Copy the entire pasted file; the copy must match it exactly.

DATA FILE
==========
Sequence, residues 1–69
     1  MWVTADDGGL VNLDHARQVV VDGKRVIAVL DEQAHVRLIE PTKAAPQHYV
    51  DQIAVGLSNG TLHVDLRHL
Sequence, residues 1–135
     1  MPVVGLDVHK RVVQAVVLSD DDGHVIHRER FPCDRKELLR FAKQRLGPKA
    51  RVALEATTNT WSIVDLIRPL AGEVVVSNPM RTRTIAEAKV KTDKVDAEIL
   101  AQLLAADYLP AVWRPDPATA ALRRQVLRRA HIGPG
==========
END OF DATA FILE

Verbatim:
Sequence, residues 1–69
     1  MWVTADDGGL VNLDHARQVV VDGKRVIAVL DEQAHVRLIE PTKAAPQHYV
    51  DQIAVGLSNG TLHVDLRHL
Sequence, residues 1–135
     1  MPVVGLDVHK RVVQAVVLSD DDGHVIHRER FPCDRKELLR FAKQRLGPKA
    51  RVALEATTNT WSIVDLIRPL AGEVVVSNPM RTRTIAEAKV KTDKVDAEIL
   101  AQLLAADYLP AVWRPDPATA ALRRQVLRRA HIGPG